Earlier this year we visited the astounding series of rock tombs at Al Ayn in central northern Oman, north of Nizwa towards the border with the UAE on the Arabian Peninsula. The site is quite isolated and little visited. The tombs only became known to the outside world in the early 1970s and are believed  … Read more

Visiting Bangkok’s Private Prasart Museum

Bangkok’s privately-owned Prasart Museum can be difficult to find but it is well worth the effort – it is splendid. We visited earlier this month. The Museum was founded by Prasart Vongsakul, and comprises an enclosed compound of a series of buildings set amid particularly beautiful landscaped tropical gardens and ponds. The buildings are full  … Read more

Visiting Zanzibar’s Beit el Amani Museum

We visited the Peace Memorial Museum (Beit el Amani) in Stone Town, Zanzibar, in late December.  It is the main museum in Stone Town dedicated to the cultures of the Swahili Coast, which are a blend of indigenous African, Indian and Middle Eastern (particularly Omani) influence, despite its name. The museum is in a fine  … Read more

Opening of Raffles Exhibition, Asian Civilisations Museum, Singapore

We attended the opening night of ‘Raffles in Southeast Asia’ earlier this month – a major new exhibition at Singapore’s superb Asian Civilisation Museum. The exhibition, a collaboration between the ACM and the British Museum, marks the 200th anniversary of Raffle’s arrival in Singapore. It includes items collected by Raffles whilst administering Java now held  … Read more

Presentation in Bangkok on Fine, Antique Thai Silver

Attended recently a superb presentation by Paul Bromberg in conjunction with the publication of his new book ‘Thai Silver and Nielloware’ (Riverbooks, 2019). The evening was held at the historic Chakrabongse Villas on the Chao Phraya River in Bangkok. The Villas provided the perfect backdrop for the occasion. They belong to the Chakrabongse family, part  … Read more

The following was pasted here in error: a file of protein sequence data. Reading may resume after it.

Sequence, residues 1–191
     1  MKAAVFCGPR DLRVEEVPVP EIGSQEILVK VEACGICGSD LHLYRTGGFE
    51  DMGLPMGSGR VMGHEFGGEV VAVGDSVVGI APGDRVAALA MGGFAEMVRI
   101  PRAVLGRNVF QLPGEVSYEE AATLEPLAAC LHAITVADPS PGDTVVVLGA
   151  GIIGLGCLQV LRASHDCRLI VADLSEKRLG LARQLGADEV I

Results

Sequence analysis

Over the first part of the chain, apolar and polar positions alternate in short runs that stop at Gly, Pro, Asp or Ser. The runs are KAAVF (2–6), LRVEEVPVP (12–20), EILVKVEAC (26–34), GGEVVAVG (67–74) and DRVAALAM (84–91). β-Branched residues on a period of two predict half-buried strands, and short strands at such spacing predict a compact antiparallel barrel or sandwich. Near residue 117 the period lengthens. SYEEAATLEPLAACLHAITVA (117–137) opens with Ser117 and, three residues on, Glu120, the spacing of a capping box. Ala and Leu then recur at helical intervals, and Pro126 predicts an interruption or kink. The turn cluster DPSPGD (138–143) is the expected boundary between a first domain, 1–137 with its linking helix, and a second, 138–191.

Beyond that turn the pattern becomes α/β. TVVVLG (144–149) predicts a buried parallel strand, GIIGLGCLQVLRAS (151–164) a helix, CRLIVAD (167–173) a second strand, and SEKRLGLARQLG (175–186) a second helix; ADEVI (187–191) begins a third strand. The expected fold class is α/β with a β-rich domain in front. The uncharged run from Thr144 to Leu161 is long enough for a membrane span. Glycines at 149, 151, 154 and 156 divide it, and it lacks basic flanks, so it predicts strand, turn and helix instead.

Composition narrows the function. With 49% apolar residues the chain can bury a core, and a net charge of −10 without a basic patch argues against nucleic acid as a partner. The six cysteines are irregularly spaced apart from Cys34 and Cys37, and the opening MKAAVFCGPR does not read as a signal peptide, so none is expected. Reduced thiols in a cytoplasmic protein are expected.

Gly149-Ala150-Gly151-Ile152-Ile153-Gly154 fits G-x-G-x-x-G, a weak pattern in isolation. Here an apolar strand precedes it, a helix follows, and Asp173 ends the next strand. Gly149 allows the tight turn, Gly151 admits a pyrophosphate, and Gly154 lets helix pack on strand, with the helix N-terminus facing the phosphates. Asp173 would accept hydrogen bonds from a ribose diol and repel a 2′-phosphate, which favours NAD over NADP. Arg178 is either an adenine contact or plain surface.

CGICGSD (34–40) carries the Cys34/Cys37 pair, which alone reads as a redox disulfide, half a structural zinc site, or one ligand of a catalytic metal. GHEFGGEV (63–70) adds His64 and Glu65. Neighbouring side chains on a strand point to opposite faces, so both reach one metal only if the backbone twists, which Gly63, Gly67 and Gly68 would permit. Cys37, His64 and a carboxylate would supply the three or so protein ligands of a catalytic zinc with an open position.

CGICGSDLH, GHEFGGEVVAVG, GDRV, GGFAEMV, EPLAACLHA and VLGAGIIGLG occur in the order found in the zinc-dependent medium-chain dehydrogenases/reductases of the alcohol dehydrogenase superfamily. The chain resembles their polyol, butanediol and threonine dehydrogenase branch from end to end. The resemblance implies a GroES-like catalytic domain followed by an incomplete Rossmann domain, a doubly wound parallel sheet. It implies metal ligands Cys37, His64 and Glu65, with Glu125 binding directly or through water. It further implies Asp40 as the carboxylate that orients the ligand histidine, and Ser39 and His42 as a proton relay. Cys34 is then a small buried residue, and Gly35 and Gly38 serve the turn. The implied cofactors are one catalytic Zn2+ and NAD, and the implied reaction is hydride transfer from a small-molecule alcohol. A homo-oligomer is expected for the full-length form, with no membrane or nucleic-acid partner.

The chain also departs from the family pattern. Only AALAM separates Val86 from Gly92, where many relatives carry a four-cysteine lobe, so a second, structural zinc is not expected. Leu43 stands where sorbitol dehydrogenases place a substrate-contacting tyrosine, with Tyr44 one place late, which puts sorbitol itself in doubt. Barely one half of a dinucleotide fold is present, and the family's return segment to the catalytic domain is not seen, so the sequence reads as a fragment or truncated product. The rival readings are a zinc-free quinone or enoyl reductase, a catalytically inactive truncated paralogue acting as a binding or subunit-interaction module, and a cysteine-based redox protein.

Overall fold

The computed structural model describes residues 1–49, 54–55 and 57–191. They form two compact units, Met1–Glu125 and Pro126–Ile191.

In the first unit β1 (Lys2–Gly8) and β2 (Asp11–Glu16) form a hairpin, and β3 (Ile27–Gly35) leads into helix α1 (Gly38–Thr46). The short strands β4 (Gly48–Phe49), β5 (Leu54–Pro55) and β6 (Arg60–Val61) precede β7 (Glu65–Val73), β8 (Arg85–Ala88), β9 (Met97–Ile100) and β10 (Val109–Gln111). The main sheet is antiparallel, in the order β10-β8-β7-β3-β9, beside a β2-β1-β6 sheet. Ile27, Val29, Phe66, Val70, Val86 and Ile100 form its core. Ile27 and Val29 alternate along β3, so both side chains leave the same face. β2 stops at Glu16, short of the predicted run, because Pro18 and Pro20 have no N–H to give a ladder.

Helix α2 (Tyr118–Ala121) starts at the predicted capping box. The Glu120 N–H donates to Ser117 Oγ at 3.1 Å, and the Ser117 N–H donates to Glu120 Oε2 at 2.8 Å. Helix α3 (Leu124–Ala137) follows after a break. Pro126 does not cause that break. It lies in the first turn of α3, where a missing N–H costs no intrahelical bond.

Exploring the Carved, Wooden Doors of Zanzibar

It is believed that there are 277 remaining carved wooden doors in Zanzibar, such as the examples shown here photographed on a recent visit to the island. It is the largest concentration on the Swahili Coast. (The final two images show lintel panels we have had, now sold, which came to the UK during the  … Read more

Rosewater Antiques in the Islamic World

Rosewater, made from steeping rosewater petals in water,  traditionally has been used across the Islamic world from the Middle East to Indonesia. It is used in conjunction with religious rituals such as weddings and burials. But it is also used simply to freshen up oneself and one’s environs. In many traditional, Islamic-derived cultures, it is  … Read more

Visiting Sur, Oman – another unique home for Omani Jewellery

Sur, on Oman’s coast, was an important port for Oman’s trade with Zanzibar and the rest of the Swahili Coast on Africa’s East Coast as well as with Gujurat in India. It was a vibrant commercial port. Trade financing and ship building were also important industries. The town grew rich and with riches the demand  … Read more

Visiting Nizwa – Oman’s Old Silver Jewellery Capital

Nizwa, in Oman’s interior, was an important centre for the manufacture of silver jewellery for Bedouin clients. For that reason we visited it recently. (It was also the old capital of Oman, when Oman and Muscat were essentially ruled as two different territories.) Today, there is little or no silver production in the city. Oman’s  … Read more

Lending to a new exhibition on Hieronymous Bosch

Cross cultural influence & the international trade in luxury goods has been going on for centuries. Art historians are still surprised to see accurate representations of Middle Eastern & Asian objects in European paintings painted 5oo years ago or more. But it’s no surprise when one has an understanding of economics. We have just lent  … Read more